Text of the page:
I was on vacation in Florida and I saw in on TV. I felt sick. My niece was running the Marathon and I just wanted her to be alright. I think it showed that more security is needed.

Mr. McFarland, Social Studies Teacher
I was on a plane to Florida when I saw on the news that a bomb went off. I felt scared for my family members that were at the race. I was not sure if it was a bomb or a freak accident. [I wanted to know] what happened? Who do I know that was there? [Now there will be] stricter security at events like that. More people will feel nervous about attending things like it.

Shauna McGrath ’14
I was babysitting when I heard. It was shocking and I was worried about my brother. I needed to know he was safe. Security will definitely be stronger this year.

Hang Miao ’17

I was in Boston that day and planned to go see the Marathon. I heard people saying there’s a bomb at Copley. I was in shock and couldn’t believe it.

Mr. Morrissey, Paraeducator
I was competing in my first Marathon last year. At 2:49 I had just made the final turn on to Boylston St. I heard a loud boom that seemed to reverberate off the buildings like a cannon. I looked up and saw the finish line and a billow of smoke rising before I witnessed the second bomb go off, closer to me. I was stopped at the twenty six mile marker by a wall of police officers. Thankfully my family and friends were unharmed and, after two hours of searching and a arduous walk to Southie, I was able to catch a taxi to Braintree. I am running again this year.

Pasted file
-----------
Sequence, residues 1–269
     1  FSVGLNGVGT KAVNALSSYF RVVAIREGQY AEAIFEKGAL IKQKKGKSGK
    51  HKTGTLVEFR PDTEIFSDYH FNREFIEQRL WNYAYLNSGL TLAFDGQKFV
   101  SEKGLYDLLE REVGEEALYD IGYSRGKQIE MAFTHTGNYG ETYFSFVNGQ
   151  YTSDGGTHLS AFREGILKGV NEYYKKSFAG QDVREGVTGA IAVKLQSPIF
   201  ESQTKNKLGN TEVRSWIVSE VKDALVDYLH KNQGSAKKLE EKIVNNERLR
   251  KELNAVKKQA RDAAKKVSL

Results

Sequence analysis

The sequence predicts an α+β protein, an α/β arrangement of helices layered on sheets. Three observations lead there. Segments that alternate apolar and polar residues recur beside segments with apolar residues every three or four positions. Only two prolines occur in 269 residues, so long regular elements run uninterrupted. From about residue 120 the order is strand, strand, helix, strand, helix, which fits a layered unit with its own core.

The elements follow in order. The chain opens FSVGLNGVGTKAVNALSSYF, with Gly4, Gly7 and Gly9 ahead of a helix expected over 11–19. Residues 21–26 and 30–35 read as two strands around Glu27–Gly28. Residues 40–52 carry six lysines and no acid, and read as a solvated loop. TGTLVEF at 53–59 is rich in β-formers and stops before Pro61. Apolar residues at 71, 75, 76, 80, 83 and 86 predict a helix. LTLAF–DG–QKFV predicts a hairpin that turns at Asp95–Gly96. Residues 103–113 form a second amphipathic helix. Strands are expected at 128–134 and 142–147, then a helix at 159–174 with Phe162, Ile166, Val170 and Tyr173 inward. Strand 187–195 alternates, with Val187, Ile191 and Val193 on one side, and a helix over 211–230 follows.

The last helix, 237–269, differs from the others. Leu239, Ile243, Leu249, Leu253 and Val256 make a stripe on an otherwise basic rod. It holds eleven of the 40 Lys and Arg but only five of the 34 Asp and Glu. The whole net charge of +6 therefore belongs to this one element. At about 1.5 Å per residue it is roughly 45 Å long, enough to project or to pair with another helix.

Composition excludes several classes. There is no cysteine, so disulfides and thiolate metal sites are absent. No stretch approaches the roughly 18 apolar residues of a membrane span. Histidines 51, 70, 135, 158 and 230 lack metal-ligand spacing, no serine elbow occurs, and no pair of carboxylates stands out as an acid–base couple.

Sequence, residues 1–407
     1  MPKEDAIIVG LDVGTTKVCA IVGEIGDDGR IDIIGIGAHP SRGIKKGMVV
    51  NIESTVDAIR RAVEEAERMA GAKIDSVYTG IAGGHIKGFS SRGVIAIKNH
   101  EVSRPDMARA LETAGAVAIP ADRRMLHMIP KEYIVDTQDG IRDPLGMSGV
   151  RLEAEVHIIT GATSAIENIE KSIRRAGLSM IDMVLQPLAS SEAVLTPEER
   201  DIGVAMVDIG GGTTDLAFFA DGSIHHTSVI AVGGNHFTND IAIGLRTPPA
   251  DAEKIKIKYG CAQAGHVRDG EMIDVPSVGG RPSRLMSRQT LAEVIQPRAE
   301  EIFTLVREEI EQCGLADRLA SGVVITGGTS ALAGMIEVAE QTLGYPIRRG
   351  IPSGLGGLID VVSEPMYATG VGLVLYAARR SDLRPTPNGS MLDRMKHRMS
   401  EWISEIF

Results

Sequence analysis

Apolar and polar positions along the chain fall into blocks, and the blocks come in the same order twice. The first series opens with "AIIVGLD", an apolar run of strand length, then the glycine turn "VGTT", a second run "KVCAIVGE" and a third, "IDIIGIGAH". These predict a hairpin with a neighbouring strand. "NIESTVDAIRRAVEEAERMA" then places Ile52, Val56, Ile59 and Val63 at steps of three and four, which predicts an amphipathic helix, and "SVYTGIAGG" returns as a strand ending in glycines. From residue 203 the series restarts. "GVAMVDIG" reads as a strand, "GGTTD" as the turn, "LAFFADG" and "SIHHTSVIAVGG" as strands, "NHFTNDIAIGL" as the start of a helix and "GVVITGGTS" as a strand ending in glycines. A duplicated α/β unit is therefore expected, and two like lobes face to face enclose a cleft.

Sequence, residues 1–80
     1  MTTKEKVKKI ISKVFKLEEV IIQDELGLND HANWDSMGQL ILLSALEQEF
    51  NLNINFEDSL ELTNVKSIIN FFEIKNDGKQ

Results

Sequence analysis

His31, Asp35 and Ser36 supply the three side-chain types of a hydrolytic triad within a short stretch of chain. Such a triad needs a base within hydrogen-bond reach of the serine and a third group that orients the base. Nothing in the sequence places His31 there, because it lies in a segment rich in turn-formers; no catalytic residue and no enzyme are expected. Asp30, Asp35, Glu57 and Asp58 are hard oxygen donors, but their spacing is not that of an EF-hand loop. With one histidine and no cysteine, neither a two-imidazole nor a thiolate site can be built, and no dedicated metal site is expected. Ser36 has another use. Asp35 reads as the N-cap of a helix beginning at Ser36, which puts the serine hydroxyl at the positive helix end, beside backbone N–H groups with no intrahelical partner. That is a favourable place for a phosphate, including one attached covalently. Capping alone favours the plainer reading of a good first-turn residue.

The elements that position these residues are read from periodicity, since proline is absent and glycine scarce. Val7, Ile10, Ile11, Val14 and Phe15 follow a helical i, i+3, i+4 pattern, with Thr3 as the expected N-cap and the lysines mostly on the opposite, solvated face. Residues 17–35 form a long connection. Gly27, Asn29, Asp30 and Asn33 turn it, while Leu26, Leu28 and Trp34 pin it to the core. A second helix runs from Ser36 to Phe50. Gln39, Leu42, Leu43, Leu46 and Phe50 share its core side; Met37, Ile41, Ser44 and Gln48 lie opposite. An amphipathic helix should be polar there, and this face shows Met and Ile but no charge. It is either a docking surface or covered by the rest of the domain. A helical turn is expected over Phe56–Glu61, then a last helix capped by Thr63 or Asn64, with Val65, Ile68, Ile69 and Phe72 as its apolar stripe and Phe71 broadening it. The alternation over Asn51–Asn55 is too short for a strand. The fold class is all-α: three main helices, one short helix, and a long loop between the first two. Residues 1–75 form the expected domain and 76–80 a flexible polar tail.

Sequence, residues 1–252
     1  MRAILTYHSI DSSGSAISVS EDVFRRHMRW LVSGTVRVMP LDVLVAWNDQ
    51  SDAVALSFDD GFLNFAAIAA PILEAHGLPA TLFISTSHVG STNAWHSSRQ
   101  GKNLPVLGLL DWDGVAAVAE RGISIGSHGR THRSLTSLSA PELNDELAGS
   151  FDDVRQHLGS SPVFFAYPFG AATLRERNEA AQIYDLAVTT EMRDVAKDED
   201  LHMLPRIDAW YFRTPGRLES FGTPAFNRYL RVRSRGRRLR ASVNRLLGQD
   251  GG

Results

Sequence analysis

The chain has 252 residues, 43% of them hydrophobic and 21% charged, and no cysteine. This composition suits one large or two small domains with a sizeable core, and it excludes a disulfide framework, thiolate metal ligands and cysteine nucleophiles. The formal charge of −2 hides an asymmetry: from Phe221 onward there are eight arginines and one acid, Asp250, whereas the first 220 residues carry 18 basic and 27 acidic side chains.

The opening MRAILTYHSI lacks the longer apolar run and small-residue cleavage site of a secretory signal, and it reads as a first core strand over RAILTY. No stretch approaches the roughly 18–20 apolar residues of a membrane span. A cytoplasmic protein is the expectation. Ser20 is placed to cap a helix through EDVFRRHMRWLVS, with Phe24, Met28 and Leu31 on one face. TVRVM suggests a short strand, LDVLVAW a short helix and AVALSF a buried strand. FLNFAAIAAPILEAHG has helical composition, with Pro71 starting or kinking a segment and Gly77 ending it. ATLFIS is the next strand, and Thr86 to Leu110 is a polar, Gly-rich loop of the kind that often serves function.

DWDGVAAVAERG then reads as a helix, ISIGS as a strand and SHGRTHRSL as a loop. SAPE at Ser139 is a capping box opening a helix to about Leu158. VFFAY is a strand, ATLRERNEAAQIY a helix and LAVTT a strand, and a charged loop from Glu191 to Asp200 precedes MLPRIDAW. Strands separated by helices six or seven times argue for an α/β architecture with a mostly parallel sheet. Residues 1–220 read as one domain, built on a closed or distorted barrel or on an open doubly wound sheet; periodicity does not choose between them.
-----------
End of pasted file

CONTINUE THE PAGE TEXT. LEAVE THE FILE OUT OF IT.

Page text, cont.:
Mrs. Moynihan, House Two Housemaster
I was in England on a trip with students and I found out on the internet. I was horrified and scared. I needed to keep the sixty BHS students with me safe and comfort them. I needed to figure out how they were all going to reach their parents. I feel it made Boston stronger. We gained pride and a greater commitment to overcoming adversity.

Vanessa Nguyen ’14
I was working and found out from tweets. I was scared and shocked. I hoped I didn’t know anyone that got hurt.

Megan Rennie ’15
[I was at] my friend’s house when his mom came home from work she mentioned it. [I felt] confused and I wondered what caused the explosion because they didn’t know it was a bomb yet.[I knew that] people will be more on edge.

Joey Ryan ’17
I was at Best Buy and my brother told me. I felt bad for the families. [I questioned] how it happened and who would do this? I think security at all sporting events will be higher.